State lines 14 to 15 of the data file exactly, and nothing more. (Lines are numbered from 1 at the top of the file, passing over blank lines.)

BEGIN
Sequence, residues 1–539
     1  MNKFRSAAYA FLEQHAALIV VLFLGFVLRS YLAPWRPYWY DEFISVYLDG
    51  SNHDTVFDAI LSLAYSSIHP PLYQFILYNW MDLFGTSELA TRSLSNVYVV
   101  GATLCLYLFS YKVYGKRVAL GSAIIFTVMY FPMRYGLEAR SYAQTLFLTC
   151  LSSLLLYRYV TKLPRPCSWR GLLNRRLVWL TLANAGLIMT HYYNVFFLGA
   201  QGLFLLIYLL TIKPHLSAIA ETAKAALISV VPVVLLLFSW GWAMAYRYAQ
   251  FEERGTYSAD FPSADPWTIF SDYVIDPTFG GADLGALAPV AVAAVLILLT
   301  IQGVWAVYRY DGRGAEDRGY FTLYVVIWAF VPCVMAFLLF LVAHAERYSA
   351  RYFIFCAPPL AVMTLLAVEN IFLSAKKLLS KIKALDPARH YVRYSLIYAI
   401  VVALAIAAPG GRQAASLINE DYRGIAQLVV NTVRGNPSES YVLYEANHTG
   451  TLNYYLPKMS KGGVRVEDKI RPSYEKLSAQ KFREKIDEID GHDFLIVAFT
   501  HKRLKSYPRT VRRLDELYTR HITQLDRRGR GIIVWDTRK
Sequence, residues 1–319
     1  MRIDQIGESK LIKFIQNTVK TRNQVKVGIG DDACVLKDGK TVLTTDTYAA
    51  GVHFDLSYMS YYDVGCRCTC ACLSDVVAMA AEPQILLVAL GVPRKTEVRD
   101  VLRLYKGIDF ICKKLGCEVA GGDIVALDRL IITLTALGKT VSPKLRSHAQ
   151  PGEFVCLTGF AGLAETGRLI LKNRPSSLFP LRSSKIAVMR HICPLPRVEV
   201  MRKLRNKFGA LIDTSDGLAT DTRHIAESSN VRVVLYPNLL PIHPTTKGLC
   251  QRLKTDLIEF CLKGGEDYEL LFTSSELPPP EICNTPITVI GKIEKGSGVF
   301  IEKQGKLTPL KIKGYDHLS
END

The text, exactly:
     1  MRIDQIGESK LIKFIQNTVK TRNQVKVGIG DDACVLKDGK TVLTTDTYAA
    51  GVHFDLSYMS YYDVGCRCTC ACLSDVVAMA AEPQILLVAL GVPRKTEVRD